If one looks at the price of Bitcoin versus that of Ethereum, the former seems to be trouncing the newer, less widespread latter currency. The price of a single Bitcoin has been floating between about $2300 and roughly $3000 for several weeks, while Ethereum is hovering around $300 per token. But the massive discrepancy in price hides the fact that Ethereum's market capitalization is rapidly approaching Bitcoin's, and that calculation has some digital currency enthusiasts wondering if Ethereum is likely to oust Bitcoin as the top cryptocurrency in the near future.

Bitcoin's Market Cap Share Falls From 87% to 39%

Bitcoin's rapid ascent in price over the past few months, with values of a single coin nearly tripling since the beginning of the year, has come at the same time as the digital currency has seen its share of the combined market capitalization for all cryptocurrencies fall significantly. In late February of this year, Bitcoin accounted for 87% of the market capitalization for the cryptocurrency industry. Now, according to research by CoinMarketCap and presented by RT.com, Bitcoin has seen that figure fall to just 39%. Ethereum, on the other hand, previously accounted for more than 36% of the combined market cap of all digital currencies. That figure has also fallen into the middle of June, but only by about 5% in the past four months.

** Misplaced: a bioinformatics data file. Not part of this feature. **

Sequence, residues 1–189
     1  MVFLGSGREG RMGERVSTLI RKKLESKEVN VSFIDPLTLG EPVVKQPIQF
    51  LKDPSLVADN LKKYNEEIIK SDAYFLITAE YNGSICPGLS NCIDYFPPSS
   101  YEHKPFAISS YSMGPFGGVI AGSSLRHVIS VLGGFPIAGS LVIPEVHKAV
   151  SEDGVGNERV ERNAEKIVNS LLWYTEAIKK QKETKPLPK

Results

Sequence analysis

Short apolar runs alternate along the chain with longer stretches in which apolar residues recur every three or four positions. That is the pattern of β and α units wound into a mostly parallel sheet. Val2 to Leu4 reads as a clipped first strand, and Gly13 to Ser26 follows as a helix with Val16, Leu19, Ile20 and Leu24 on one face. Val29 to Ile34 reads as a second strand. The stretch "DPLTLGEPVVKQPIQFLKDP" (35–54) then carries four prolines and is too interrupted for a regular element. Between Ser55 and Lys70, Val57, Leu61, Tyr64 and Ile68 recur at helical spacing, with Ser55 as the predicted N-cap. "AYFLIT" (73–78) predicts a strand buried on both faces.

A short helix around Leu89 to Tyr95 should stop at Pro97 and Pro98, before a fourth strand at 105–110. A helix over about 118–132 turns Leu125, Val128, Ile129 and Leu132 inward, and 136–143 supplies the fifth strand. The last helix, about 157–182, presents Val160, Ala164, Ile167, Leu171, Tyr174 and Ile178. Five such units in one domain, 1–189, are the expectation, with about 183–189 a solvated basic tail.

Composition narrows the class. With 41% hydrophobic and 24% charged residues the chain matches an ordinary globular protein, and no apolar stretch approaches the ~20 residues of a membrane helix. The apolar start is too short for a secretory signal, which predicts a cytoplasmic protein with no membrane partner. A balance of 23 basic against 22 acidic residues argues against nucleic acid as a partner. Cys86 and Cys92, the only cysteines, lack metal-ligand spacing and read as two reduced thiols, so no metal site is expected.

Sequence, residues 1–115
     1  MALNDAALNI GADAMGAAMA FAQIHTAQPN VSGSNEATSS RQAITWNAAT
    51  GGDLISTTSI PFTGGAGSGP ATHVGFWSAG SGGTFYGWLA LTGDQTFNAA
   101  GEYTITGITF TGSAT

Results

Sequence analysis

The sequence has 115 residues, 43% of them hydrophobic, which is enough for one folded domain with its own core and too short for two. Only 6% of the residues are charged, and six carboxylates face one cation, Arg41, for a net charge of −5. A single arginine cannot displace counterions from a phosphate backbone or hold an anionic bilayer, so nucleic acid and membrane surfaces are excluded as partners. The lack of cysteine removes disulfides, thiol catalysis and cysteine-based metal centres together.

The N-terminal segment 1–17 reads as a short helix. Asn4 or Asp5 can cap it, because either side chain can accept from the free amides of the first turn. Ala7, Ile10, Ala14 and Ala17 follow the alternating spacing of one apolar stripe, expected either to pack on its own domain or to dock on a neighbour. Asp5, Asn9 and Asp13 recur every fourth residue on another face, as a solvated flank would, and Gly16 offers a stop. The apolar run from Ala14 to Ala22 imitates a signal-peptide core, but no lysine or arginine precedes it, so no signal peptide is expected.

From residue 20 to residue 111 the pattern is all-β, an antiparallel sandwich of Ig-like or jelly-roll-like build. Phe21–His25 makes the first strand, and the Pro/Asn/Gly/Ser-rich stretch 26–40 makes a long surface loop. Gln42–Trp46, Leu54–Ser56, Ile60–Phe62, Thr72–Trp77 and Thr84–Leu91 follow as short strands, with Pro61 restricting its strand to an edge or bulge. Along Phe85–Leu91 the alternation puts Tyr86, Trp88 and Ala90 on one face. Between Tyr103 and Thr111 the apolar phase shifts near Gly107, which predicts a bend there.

What does this mean? The market capitalization of the overall digital currency industry is growing incredibly quickly, as are the number of different digital currencies available. Bitcoin began as the biggest fish in the (smallish) pond, and as the field has become more crowded Bitcoin has seen its share of market cap dwindle. The fact that Ethereum has essentially maintained its position relative to the total market cap means that its own market cap is growing very quickly. Bitcoin's market cap is roughly $40 billion, while Ethereum's is over $32 billion.

Ethereum as Bitcoin's Biggest Rival

The discrepancy in market cap growth is what is prompting some to suggest that Ethereum is rapidly becoming Bitcoin's biggest rival for the top position within the cryptocurrency world. Ethereum has only been available for about two years, while Bitcoin has been on the market for closer to a decade. In fact, Bitcoin's age may be a hindrance rather than a help, as an ongoing debate about how to scale the Bitcoin network up in order to accommodate the rapidly growing pool of Bitcoin users and transactions has become incredibly heated. With Bitcoin still relying on much of its original code, other cryptocurrencies are able to take into account the pitfalls that Bitcoin has experienced when developing their own systems.

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